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It's Not Necessarily Not the Truth: Dreaming Bigger Than the Town You're From Hardcover – March 17, 2009


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Product Details

  • Hardcover: 256 pages
  • Publisher: William Morrow (March 17, 2009)
  • Language: English
  • ISBN-10: 0061454141
  • ISBN-13: 978-0061454141
  • Product Dimensions: 5.5 x 0.9 x 8.2 inches
  • Shipping Weight: 12 ounces (View shipping rates and policies)
  • Average Customer Review: 4.1 out of 5 stars  See all reviews (9 customer reviews)
  • Amazon Best Sellers Rank: #1,691,208 in Books (See Top 100 in Books)

Editorial Reviews

From Booklist

Actors’ autobiographies usually trace their evolution as professional performers, recording all the dues paid before that first big break and re-creating the rush of success. Pressly has another goal. Written while pregnant with her first child, son Dezi James, her memoir offers an enriching account of her life—intended for her son to read—that traces her evolution as a person, with stories both glorious and haunting about her family and its times in the small southern town of Kinston, North Carolina. But that’s not all. Pressly never held any illusions that her daydreams of being a model and movie star were achievable if she remained in tiny Kinston. Early success as a teen model powered her decision to leave behind the safe shade of a beloved neighborhood magnolia tree and move to Hollywood, where she ended up negotiating the gang-patrolled hallways of Costa Mesa High School outside of Los Angeles. What shines through in these personal reflections is Pressly’s unexpected gift for narration and her unaffected, determined heart.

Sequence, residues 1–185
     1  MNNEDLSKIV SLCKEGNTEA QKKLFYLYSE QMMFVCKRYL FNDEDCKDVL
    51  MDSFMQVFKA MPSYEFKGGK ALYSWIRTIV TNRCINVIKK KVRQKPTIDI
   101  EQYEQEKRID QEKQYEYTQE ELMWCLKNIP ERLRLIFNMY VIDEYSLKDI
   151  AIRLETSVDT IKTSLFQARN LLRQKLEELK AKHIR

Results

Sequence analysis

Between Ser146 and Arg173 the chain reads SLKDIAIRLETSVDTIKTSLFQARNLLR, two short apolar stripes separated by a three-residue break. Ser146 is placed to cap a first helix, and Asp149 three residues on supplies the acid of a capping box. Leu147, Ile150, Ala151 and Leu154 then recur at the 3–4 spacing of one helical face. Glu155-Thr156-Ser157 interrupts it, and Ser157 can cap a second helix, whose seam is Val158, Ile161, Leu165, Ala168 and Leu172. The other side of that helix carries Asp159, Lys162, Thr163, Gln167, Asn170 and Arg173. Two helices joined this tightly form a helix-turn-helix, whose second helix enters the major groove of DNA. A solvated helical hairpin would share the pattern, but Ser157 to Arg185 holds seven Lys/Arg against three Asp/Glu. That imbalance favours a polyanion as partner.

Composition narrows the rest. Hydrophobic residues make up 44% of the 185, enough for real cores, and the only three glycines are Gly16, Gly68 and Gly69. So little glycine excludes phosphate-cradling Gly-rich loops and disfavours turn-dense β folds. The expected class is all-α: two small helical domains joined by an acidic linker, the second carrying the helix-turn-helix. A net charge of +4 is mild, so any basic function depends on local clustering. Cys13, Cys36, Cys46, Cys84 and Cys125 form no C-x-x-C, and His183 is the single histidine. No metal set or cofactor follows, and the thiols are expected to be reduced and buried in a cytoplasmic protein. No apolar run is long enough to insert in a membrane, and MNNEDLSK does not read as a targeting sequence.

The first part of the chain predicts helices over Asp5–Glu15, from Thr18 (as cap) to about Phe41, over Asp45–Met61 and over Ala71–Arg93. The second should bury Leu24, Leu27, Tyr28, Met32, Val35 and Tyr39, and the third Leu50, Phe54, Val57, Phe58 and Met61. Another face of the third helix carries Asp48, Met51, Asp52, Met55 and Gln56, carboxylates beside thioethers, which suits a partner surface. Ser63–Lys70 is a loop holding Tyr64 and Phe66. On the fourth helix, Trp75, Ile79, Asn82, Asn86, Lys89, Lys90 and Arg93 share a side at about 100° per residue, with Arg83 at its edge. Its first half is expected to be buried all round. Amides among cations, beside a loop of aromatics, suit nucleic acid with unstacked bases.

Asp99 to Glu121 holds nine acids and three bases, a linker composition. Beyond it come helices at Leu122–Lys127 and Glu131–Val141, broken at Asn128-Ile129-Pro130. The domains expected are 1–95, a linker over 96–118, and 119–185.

Review

“What shines through in these personal reflections is Pressly’s unexpected gift for narration and her unaffected, determined heart.” (Booklist)

Customer Reviews

4.1 out of 5 stars
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Most Helpful Customer Reviews

6 of 6 people found the following review helpful By Linda L. Rogers on April 22, 2009
Format: Hardcover Verified Purchase
I am really enjoying reading this book. It is very well written, and gives a glimpse into the life of Jaime Pressly. The book tells how growing up in the south, and the people in her life shaped who she is. The book is an easy read, and very entertaining.
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10 of 13 people found the following review helpful By Q on May 15, 2009
Format: Hardcover
Let me say first that I am from Jaime's hometown of Kinston, NC so I read the book with that bias. I know the places she speaks of intimately, some of the people and - although I am 8 years older than Jaime and have never met her as far as I am aware - I attended all the same schools in Kinston that she did. While I haven't seen him in many years, I am acquainted with her older brother "Junior" (as she refers to him in the book). My friend Cheryl used to baby sit for Jaime. My nephew has waited on her at a local greasy spoon restaurant where Jaime sometimes eats when she returns to Kinston. Anyway, what I am trying to say is that there are multiple connections - the biggest being the town itself - and for those alone I was bound to enjoy Jaime's book. I found it engaging and insightful and it took me "back home" (both in place and time). Despite the critique of her book that follows, I found the book worth the read, certainly if you are a fan and especially if you've ever had the desire to break the ties that bind you in place for the sake of discovering something bigger.